5. Formal Selection - Appointments in administration are to be made on the basis of merit through competitive examinations. They are promoted on the basis of seniority and achievement. The process should be dependent on technical skill. For example BCS Recruitment and Promotion.


6. Career Orientation: The service of bureaucrats is permanent till a certain age. They are in service until they retire remaining in force. They remain even after the change of government. On the ground of criminal activities and some disabilities, they can be fired. They are professional and salaried. They receive salaries and allowances from the state treasury.

The Emergence and Importance of Bureaucratic Theory

Before the nineteenth century, the functions of the state and of various institutions were confined to a narrow range. The Industrial Revolution resulted in the creation of many businesses and factories. The process of urbanization increased as many people came to the city from the villages in search of work. And as the ideas of democracy and capitalism became popular, the functions of the state began to increase enormously.

The state has to perform various important and complex tasks for the betterment of the economic, social, political and cultural life of the individual. But it is not possible for a handful of political representatives to carry out these diverse tasks properly. So they have to rely on a large number of permanent and loyal government employees.

The importance of bureaucracy is growing with the increased work of the state. Lack of knowledge of political administrators (for examples making laws or setting government policy) is one of the big reasons. Most members of the legislature or ministers do not have the amount of general and technical knowledge and skills required. Therefore, they set the law or general policy of the government and entrust the responsibility of perfecting it to the bureaucrats who are permanent, prudent, and far-sighted and have gained experience by performing administrative tasks for a long time.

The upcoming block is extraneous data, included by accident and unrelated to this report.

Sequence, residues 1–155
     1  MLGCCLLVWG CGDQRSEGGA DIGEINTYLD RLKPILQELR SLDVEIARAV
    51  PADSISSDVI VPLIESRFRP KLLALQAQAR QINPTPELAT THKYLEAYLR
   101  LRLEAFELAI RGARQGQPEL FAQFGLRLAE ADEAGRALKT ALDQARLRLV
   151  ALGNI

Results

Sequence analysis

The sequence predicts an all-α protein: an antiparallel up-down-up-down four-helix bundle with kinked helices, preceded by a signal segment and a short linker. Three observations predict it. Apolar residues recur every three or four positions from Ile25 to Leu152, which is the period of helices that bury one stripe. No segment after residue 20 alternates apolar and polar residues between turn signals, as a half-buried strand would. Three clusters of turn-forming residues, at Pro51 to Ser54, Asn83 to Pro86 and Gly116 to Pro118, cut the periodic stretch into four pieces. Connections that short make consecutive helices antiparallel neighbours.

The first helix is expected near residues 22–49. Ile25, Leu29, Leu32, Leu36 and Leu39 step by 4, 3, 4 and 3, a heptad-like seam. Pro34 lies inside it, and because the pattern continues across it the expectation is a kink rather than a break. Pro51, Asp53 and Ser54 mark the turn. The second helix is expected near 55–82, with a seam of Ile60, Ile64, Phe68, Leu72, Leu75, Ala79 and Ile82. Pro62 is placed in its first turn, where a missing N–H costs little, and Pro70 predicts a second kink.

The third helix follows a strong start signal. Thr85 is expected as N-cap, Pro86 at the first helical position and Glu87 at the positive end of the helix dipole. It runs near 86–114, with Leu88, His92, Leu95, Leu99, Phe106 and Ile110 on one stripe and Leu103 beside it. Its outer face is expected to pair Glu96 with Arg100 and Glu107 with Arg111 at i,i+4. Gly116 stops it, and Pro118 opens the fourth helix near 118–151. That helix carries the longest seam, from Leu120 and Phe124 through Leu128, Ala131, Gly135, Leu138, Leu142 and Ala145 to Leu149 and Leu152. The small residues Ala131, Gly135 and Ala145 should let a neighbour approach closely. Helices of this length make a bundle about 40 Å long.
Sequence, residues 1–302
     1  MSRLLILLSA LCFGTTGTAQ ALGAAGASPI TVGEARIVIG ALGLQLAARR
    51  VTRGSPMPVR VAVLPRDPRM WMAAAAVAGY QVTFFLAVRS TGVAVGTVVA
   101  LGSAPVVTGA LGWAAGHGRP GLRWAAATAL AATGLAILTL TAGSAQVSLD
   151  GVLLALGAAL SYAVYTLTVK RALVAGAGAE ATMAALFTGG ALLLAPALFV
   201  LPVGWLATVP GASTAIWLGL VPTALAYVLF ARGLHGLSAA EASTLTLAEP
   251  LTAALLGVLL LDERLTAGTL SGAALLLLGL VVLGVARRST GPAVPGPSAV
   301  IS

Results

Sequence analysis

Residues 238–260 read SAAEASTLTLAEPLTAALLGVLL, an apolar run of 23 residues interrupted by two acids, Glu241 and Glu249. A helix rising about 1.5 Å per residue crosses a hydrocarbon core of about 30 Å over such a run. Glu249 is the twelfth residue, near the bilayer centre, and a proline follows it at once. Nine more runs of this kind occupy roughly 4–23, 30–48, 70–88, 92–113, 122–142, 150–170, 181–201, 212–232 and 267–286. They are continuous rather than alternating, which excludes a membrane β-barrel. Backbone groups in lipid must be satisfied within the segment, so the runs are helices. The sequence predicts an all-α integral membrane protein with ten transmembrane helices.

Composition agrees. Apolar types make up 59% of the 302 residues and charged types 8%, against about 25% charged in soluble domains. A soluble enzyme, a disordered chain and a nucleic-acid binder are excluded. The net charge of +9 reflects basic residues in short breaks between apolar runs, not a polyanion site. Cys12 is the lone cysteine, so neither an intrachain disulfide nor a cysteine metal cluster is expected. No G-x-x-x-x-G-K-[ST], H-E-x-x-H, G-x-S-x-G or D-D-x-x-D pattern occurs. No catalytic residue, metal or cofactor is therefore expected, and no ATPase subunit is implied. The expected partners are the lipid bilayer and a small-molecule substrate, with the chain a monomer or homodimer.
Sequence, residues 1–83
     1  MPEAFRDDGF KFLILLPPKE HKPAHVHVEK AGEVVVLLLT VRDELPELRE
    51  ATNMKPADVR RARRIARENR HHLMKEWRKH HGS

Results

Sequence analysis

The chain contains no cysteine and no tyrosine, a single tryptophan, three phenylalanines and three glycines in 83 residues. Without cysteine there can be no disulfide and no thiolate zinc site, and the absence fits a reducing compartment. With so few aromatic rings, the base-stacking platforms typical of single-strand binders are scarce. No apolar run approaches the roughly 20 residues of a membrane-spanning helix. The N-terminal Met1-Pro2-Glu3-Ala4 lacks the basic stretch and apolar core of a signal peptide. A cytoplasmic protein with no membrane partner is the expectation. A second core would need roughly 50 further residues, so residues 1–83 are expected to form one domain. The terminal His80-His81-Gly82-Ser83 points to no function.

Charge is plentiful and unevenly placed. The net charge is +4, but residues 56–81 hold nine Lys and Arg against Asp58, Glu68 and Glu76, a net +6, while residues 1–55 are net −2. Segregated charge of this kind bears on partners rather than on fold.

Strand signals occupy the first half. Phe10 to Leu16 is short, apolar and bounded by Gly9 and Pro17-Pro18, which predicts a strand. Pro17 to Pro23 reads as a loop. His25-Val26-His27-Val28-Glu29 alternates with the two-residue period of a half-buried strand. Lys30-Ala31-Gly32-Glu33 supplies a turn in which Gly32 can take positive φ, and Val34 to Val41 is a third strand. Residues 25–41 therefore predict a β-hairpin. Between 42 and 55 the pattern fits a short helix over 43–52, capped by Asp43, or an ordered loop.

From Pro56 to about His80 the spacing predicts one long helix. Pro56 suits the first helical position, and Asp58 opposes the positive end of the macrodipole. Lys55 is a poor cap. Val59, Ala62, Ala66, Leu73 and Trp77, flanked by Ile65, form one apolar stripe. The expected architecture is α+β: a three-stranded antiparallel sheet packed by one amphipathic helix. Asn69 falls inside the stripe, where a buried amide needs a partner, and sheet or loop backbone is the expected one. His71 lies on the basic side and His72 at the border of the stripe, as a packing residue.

The role of bureaucrats in the implementation of government laws, policies, etc. is immense. Policies and judicial decisions made by the organization are worthless if not implemented. As a result, the basic objectives of the government remain ineffective. The practical implementation of government laws, policies, etc. depends on the sincerity, efficiency and cooperation of government employees. It is impossible to maintain the existence of a modern government without the help of permanent government employees.

Criticism of Max Weber's Bureaucracy

Max Weber's bureaucracy theory has been criticized several times in movies and documentaries and so on. Any organization needs different rules and regulations to operate and if the principles do not solve the work of the people or the customer, then why the existence of the organization!  

The good side of strict rules - the rules need to be implemented in the same way.

The bad side of strict rules - Slow - the patient had died before the doctor came!

Red tape -  Rules and regulations do not work and some corrupted officials can keep the file longer and ask for a bribe.

Inefficiency and irrational

Some tasks need to be implemented by lobbying and speed money.

Creativity and initiatives are limited.

The bureaucracy described by Weber is much like scientific management in its ideology. Both theories emphasized rationality, impersonality, efficiency, technical skill, and authoritarianism.